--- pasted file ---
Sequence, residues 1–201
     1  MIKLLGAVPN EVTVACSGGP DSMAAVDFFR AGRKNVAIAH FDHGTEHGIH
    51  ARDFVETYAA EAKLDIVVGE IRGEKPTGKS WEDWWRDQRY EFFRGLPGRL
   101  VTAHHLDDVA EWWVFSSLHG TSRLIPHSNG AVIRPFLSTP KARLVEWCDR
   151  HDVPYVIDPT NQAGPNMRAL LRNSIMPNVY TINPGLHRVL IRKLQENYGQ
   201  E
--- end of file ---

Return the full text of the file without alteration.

Sequence, residues 1–201
     1  MIKLLGAVPN EVTVACSGGP DSMAAVDFFR AGRKNVAIAH FDHGTEHGIH
    51  ARDFVETYAA EAKLDIVVGE IRGEKPTGKS WEDWWRDQRY EFFRGLPGRL
   101  VTAHHLDDVA EWWVFSSLHG TSRLIPHSNG AVIRPFLSTP KARLVEWCDR
   151  HDVPYVIDPT NQAGPNMRAL LRNSIMPNVY TINPGLHRVL IRKLQENYGQ
   201  E